Ludwig Wittgenstein once asked a friend, “tell me, why do people say it is more natural to think that the Sun rotates around the Earth than that the earth is rotating?” The friend said, “well, obviously, because it just seems like the Sun is going around the Earth.” Wittgenstein replied, “well, what would it seem like if it did seem like the earth were rotating?”
As Bitcoin begins its quadrennial bull run, we must brace ourselves for the wider world’s sudden and ill-informed interest. A great many newcomers will arrive with an open mind — as we all did once — but so too will many representatives of the incumbents emerge to insist that what we can see with our very own eyes isn’t actually happening because, according to their theory, it can’t.
Bitcoin can’t be a store of value because it has no intrinsic value. It can’t be a unit of account because it is too volatile. It can’t be a medium of exchange because it is not widely used to price goods and services. These are the three properties of money. Therefore, Bitcoin can’t be money. But Bitcoin has no other basis for being valued, therefore it is valueless. QED.
I call this argument, semantics therefore reality. What could possibly falsify this? It is, at root, a claim about the material world; about what will, or in this case won’t, happen in real life. And yet it looks rather like it relies entirely on the meanings of words. In — the instructive process of an “official” money being spontaneously replaced by a simpler superior money — Larry White says of those who deny by definition that such a thing can even happen that they, “are only looking at the blackboard and not at what is happening outside the window.” This is a curious approach to understanding novel phenomena, that, in general, I would not recommend. Reality doesn’t care how you describe it.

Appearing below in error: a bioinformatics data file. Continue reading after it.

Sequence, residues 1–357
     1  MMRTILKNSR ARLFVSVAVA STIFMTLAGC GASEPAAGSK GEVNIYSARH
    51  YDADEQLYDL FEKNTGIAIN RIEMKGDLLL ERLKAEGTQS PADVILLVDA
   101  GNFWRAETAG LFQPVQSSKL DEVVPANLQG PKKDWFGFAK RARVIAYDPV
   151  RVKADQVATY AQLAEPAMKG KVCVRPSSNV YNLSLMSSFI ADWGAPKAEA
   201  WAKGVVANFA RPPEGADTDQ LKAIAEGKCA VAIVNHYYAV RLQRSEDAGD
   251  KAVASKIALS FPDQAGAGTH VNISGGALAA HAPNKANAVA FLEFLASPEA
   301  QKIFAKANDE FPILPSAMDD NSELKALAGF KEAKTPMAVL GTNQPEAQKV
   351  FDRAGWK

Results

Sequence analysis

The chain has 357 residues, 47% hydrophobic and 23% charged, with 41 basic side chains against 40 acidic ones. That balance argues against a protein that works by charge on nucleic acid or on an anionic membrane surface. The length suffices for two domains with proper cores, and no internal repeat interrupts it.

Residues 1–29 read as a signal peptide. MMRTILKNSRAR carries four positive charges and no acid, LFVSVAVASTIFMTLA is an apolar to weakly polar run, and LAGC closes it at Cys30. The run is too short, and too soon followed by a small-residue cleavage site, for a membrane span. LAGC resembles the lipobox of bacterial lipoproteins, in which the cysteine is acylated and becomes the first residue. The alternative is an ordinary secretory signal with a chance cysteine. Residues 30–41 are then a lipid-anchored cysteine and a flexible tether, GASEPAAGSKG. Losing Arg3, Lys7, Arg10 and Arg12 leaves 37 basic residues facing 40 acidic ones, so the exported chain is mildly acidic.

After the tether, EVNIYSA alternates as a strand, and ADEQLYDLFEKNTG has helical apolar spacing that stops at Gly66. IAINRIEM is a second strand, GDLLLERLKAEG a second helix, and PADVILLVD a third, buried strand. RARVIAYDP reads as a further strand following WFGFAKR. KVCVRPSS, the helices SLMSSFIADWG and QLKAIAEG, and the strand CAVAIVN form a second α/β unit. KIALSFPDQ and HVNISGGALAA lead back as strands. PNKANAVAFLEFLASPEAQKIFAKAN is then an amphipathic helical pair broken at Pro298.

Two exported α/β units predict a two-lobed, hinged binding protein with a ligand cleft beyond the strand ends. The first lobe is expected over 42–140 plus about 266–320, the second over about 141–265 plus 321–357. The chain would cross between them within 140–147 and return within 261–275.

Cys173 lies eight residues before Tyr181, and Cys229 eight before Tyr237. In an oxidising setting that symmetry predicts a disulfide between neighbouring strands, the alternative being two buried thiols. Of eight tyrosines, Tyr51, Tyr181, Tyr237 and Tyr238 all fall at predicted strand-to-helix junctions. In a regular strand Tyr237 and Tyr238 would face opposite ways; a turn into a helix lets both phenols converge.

But there is also a softer, slipperier, more agnostic form of the semantic theory that acknowledges that something is happening: that Bitcoin is not nothing, but that it surely cannot be money because it is so dissimilar to the standard (semantic) conception of what money should be and how it should behave that the proposition is too uncomfortable to accept. It certainly seems like a network of some kind: it is global, digital, sound, open, and programmable. And it has undeniably increased in value from a point in the past when it was worth nothing at all. But does this distinguish it from a regular old financial bubble? Can “money” be reconciled with bubble-like behavior? And is Bitcoin’s digital nature such a plus? Doesn’t the Internet enable a speed and potency of virality that is arguably finely tuned to inflate a bubble in anything deemed openly, programmably digital? Bitcoin may be something — maybe the “blockchain technology” it runs on? — but, obviously, it just seems like Bitcoin isn’t money.
Wittgenstein would be most unimpressed. He would likely ask, “What would it seem like if it did seem like a global, digital, sound, open, programmable money was monetizing from absolute zero?“
Let us ask that too.